Can crop residues provide fuel for future transport?

02 July 2021
Advanced biofuel
Water-energy-food nexus
Bio-based economy

A new publication from MAGIC researchers of the University of Twente examines to what extent crop residues can provide fuel for future transport. Bioethanol production from non-crop based lignocellulosic material has reached the commercial scale and has been increasingly advocated as a possible solution to decarbonize the transport sector. The authors estimate global bioethanol production potential from 123 crop residues in 192 countries and 20 territories under different environmental constraints (optimistic and realistic sustainable potentials) versus no constraints (theoretical potential) on residue availability. They then evaluate how much presently-used transport-related fossil fuels can be replaced with lignocellulosic bioethanol from crop residues, calculate the greenhouse gas emission savings, and determine lignocellulosic bioethanol's land, water, and carbon footprints. 

The findings suggest that the global net lignocellulosic bioethanol output ranges from 7.1 to 34.0 EJ per annum, thus potentially replacing between 7% and 31% of oil products for transport and yielding relative emission savings of 338 Mt (70%) to 1836 Mt (79%). Emission savings range from 4% to 23% of total transport emissions in the realistic sustainable versus theoretical potential. Land, water and carbon footprints of net bioethanol vary between potentials, countries/territories, and feedstocks, but overall exceed footprints of conventional bioethanol. Averaged footprints range between 0.14 and 0.24 m2 land per megajoule (MJ−1), 74–120 L water MJ−1, and 28–44 g CO2 equivalent MJ−1, with smaller footprints in the theoretical potential caused by the exclusion of secondary residues and low price of alternative biomass chains in the sustainable potential.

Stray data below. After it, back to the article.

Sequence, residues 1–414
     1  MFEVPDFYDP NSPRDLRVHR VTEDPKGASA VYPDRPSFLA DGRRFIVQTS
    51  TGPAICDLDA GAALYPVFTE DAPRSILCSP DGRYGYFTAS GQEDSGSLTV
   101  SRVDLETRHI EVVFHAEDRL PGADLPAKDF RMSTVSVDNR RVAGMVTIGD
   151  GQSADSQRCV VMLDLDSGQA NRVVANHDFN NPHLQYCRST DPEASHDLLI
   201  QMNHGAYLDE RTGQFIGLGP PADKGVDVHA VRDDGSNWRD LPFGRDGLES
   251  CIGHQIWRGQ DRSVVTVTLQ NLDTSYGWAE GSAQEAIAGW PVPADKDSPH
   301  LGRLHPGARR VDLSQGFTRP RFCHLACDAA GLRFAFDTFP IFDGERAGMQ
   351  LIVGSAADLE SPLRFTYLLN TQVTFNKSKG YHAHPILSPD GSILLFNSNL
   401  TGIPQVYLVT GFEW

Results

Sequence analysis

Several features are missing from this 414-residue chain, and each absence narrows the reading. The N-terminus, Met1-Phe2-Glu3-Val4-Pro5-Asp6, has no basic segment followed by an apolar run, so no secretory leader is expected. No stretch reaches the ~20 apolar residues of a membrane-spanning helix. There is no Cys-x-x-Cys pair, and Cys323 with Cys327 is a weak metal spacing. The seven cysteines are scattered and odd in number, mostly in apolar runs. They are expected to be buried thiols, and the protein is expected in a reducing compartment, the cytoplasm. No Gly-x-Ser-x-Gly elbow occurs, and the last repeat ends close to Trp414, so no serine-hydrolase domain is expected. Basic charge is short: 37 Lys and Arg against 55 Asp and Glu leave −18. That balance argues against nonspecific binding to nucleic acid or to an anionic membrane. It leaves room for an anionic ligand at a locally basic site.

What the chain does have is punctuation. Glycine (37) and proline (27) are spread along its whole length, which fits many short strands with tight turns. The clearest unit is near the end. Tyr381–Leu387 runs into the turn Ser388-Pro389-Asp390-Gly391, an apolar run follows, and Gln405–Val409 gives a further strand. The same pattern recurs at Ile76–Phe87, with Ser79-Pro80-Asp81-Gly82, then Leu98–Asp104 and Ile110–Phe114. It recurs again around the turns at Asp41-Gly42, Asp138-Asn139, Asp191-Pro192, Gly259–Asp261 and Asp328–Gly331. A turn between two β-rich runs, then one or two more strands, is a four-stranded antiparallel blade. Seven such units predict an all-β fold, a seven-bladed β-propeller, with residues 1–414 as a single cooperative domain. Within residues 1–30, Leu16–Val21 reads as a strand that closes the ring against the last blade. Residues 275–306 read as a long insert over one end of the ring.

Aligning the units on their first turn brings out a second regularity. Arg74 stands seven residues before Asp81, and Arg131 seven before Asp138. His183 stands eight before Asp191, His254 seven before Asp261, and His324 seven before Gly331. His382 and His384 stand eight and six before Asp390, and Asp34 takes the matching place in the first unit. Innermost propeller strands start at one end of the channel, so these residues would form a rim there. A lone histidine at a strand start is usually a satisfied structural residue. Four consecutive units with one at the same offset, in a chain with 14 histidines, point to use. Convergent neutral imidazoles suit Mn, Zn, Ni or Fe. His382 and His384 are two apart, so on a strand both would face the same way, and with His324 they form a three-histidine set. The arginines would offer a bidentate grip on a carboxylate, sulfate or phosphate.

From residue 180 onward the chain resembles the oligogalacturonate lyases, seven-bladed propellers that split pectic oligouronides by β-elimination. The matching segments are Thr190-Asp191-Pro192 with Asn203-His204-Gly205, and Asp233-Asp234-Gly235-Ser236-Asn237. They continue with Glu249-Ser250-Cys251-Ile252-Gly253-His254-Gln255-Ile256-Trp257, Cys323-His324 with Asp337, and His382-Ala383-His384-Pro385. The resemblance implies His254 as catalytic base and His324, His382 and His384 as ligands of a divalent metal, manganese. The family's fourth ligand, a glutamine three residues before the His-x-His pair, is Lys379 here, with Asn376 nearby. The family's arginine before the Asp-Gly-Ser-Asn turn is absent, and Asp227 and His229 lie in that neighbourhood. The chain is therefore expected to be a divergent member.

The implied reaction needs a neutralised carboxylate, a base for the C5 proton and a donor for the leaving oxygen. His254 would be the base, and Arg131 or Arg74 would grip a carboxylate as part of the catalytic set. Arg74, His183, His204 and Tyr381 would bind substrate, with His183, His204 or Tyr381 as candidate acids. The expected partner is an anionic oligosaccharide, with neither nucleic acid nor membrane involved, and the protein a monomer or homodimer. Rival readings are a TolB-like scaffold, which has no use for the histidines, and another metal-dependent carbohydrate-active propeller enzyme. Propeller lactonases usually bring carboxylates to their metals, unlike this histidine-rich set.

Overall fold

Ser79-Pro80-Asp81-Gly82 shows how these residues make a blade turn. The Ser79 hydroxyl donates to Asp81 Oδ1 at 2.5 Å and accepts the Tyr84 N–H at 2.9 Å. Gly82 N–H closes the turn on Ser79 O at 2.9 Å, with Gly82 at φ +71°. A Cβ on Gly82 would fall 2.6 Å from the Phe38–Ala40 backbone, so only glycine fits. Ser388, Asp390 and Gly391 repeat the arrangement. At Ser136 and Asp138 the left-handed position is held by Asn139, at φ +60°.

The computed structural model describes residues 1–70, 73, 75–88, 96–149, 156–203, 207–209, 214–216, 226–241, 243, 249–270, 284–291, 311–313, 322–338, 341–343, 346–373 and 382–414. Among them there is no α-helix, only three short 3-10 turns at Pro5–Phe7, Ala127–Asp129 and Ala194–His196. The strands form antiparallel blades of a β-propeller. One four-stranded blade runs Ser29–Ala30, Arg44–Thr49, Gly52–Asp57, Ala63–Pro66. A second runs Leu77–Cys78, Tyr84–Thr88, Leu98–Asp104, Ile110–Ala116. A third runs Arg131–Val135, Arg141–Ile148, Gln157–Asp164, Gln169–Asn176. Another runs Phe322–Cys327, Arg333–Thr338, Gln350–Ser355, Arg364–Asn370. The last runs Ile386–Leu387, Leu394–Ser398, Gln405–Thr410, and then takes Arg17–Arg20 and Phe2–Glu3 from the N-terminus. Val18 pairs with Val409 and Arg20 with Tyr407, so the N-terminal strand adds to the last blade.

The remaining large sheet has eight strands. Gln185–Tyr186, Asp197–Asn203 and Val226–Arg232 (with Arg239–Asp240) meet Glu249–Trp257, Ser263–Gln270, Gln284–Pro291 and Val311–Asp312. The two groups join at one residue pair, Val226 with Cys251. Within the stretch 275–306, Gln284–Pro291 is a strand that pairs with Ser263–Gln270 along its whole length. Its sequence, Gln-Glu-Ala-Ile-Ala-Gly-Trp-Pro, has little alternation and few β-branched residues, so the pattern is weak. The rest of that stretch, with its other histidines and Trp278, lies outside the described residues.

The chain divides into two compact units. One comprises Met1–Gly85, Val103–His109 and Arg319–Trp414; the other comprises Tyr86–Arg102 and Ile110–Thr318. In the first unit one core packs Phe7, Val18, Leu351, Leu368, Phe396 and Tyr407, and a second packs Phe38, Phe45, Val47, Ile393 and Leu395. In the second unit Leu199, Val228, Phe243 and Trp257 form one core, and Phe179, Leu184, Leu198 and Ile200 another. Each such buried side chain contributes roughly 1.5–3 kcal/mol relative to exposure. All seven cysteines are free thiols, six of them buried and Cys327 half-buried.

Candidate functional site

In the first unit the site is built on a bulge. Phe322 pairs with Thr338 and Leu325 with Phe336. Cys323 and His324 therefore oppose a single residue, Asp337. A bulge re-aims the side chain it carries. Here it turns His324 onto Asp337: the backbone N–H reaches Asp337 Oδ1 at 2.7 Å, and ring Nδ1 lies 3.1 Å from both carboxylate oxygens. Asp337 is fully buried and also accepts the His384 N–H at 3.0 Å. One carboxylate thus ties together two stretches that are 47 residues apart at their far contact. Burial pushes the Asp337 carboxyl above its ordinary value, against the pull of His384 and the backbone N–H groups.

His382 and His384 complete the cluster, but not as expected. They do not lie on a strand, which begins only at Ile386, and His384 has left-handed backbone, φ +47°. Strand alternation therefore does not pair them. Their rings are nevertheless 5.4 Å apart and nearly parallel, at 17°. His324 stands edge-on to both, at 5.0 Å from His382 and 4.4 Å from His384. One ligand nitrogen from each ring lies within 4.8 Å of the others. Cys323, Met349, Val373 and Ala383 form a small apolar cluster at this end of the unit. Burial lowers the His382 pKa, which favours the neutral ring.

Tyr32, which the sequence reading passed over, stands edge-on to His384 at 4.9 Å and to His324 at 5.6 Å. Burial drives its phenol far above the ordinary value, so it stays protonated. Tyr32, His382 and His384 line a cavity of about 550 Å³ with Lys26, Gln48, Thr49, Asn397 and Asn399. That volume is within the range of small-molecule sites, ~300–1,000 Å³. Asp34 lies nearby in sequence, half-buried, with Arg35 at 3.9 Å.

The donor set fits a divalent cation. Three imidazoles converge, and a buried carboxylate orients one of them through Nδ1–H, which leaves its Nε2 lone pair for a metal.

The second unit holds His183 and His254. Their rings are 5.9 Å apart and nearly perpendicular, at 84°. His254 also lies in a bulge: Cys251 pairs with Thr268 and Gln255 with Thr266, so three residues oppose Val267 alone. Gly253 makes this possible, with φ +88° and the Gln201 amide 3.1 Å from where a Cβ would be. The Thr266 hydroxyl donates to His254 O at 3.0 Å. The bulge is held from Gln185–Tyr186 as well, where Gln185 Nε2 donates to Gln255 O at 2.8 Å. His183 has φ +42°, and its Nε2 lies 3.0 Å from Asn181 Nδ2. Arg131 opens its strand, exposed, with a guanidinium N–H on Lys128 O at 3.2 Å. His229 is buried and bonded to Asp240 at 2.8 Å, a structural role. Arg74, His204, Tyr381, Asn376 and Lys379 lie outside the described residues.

The authors conclude that the gap between current bioethanol production capacity and the required capacity to match the level of production calculated in this study is large and may require decades to fill while the future supply of residue and the environmental footprint of future lignocellulosic bioethanol production remain uncertain. Even if the theoretical production capacity could be reached, if we rely on current modes of transport with internal combustion engines and feed them as much as possible with crop residue based lignocellulosic bioethanol, we would remain heavily dependent on fossil fuels. Therefore reducing the motorization rate and shifts in modes of transport are necessary to decarbonize the transport sector.

Read the full article here (open access):